Sign up for our newsletter

Can you cycle the Great Wall of China?

In-depth
17 Jan 2020
Advertisement

Cyclist and photographer Daniel Hughes journeys to the Great Wall of China to see if it can be ridden on a gravel bike

Which of these statements is true? The Great Wall of China can be viewed from space. The Great Wall of China was an impenetrable fortification 3,000 years ago. Today, you can walk, or even ride a gravel bike, its entire 8,850km length.

Actually, none of those statements is true, but that last part I really wanted to try.

We call it the Great Wall, but for locals it’s more accurate to call it the Long Wall, or even the Long City. The construction of the wall went on for almost 2,000 years, with the last and most famous walls being finished by the Ming Dynasty in 1644, which is often the section that is most visited and photographed.

Far from being one impenetrable wall that spanned the continent, the Great Wall is actually a collection of hundreds of separate walls and fortifications, with hundreds of trails. Anyone envisaging a 8,850km point-to-point epic gravel ride will be sorely disappointed.

None of that, somehow, deterred me from an insatiable desire to ride along the Great Wall of China. It was an adventure bike itch that I couldn’t scratch. Was it possible, I wondered. Was it practical? It appears it was, but doing it was far harder than I expected.

 

Bucket List

We all have our bucket list dreams. Mine had been fostered by flying over China many times, and looking down to hunt for the infamously visible Great Wall. It didn’t take me long to confirm that, far from being visible from space, it was barely a speck from 33,000ft.

But on one flight I did manage to make sight of it, and armed with a detailed map and a lot of patience, the seed was sown. I needed to go there.

For me, though, visiting with a tourist group wasn’t enough. I had to ride the Wall.

Perhaps unsurprisingly, there is no information about where you could ride a section of the Great Wall. I could find only one solitary YouTube video of someone doing it. It was enough to show me it was possible, if a little impractical.

After some research, I found a company called Serk Cycling – one of China’s only cycle touring companies.

I discovered pretty quickly that you simply can’t turn up to the public sections with a bike under your arm and start rolling around the wall. Bringing a large camera, or a drone, with you didn’t improve your chances, unsurprisingly. But if there was ever a time you should make use of a drone, a ride on the Great Wall is it.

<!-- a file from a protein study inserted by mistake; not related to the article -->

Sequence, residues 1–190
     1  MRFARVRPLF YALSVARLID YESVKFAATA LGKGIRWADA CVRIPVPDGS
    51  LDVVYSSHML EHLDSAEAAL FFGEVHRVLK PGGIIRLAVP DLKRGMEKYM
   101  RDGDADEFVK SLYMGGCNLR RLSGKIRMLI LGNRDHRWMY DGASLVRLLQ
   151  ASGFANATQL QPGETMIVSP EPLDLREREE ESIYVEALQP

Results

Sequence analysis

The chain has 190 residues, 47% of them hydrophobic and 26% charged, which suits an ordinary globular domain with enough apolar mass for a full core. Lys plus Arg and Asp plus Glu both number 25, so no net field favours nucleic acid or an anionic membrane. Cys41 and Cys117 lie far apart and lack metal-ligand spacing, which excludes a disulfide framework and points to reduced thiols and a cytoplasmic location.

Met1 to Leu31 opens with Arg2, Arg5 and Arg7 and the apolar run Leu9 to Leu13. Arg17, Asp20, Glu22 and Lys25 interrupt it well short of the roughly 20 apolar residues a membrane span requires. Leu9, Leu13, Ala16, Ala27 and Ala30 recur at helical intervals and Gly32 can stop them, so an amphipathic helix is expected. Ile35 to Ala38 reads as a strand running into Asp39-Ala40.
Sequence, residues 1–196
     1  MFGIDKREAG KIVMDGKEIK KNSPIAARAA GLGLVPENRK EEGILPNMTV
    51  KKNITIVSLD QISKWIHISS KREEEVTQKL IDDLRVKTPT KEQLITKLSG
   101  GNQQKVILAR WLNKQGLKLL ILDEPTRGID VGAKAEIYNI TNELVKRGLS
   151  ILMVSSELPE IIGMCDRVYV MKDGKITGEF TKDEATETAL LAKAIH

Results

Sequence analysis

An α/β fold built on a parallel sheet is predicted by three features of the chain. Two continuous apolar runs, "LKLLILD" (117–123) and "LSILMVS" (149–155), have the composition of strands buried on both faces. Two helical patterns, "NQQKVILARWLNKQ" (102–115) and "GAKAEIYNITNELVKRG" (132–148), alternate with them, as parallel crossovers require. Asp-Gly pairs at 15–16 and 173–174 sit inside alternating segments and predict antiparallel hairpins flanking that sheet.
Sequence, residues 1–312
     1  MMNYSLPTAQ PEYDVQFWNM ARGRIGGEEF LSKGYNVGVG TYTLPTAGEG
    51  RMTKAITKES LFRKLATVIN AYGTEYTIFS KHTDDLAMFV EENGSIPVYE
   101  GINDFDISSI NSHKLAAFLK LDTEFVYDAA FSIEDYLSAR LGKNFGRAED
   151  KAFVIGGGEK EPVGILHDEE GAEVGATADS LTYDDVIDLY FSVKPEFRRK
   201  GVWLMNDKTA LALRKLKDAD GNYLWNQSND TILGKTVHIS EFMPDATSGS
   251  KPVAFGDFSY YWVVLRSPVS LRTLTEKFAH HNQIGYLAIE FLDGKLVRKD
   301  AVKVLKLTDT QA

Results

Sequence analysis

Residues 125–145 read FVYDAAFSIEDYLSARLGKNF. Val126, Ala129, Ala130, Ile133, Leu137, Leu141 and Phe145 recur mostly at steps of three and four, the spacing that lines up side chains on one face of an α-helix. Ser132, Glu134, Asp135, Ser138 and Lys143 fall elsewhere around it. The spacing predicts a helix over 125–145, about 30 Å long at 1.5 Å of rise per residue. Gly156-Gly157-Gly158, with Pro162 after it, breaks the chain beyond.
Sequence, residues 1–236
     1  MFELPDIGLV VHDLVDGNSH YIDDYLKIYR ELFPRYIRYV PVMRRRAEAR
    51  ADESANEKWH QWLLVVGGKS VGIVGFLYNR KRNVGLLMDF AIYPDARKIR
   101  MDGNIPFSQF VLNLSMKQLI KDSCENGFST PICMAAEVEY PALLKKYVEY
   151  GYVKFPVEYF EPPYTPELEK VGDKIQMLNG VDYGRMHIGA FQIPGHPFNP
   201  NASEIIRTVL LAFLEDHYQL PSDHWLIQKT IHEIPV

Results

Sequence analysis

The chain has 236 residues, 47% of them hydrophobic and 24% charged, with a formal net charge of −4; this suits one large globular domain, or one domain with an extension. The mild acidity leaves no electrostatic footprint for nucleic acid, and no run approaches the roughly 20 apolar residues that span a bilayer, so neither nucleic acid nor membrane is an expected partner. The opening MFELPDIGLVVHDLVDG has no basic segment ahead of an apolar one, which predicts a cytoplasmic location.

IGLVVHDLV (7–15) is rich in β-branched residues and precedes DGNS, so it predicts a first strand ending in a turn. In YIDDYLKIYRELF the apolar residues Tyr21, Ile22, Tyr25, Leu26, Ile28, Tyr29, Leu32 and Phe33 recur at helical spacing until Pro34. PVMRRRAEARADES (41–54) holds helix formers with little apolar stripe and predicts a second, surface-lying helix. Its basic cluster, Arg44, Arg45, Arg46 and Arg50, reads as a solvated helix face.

Night after night I was hunched over Google Earth, or trawling through DJI (drone manufacturer) materials to find a section where we might be able to film.

 

The Great Ride in China

The big day arrives.

I land in Beijing with the plan of going to the Great Wall and seeing whether it is possible in any sense to ride it.

The weather is cold – as low as -12°C – but clear bright blue skies sit above us, and there is not a wisp of the infamous smog. It also couldn't be drier. There’s hardly any moisture in the air as the mountains make the area in and around Beijing exceptionally dry and barren.

After a quick catch up with my guide from Serk, we set off in the darkness of the early morning for our three-hour drive. An incredible sunrise throws light over a maze of mountain trails around us. The views are already awe-inspiring.

Our starting point isn’t what I had in mind. It’s a slightly strange place with desolate hollowed out buildings. What begins as a path turns into a rock climb. I'm armed with a Pinarello Gan GR Disk gravel bike, fitted with 38mm Panaracer Gravel King SK tyres, but I'm beginning to wonder if I shouldn't have brought some climbing boots.

I hoist the bike over my shoulder, cyclocross style, and scramble up rocks so sharp that they begin to destroy my shoes. It’s hard work, but worth it for the views that greet me at the top of the climb.

I’m on top of one of the Ming Dynasty guard towers. I can see the wall meandering for easily a 100 miles in one direction, and in the other direction the wall goes up an over a range of mountains. It’s breathtaking, to the point that it almost borders on the spiritual.

 

I take a moment to regain my focus on the job at hand. Ahead of me is the Great Wall, and riding it in the normal sense is clearly impossible. Impossible for a few reasons: firstly because most of it is in pretty bad shape; secondly because of the landscape that it has to contour.

There simply aren’t flat sections. It's all a jumble of steps, steep inclines and broken walls. Oh, and there’s a big drop on both sides if you don’t get your line correct. Undeterred, we decide that going north offers the best clear run.

I ride along the wall and discover a long and largely interrupted sequence, perhaps 15km in length. Every few hundred metres I come across some steps – some I ride, others I walk.

 

Someday perhaps Danny MacAskill will scale these same steps. He'll do wheelies along the crenellated outer edge and make 30ft jumps across different sections. For me, though, I’m simply thrilled to be doing something I could only dream of a few months ago. Blasting across the elevated trail, and in and out of guard towers at speed is like a surreal dream.

As a pilot, cyclist and photographer, I’ve been blessed to see some of the most extraordinary places on Earth. Riding the Great Wall of China is exceptional, though. Stunning, spiritual and simply incredible fun.

Is it mission accomplished? Totally.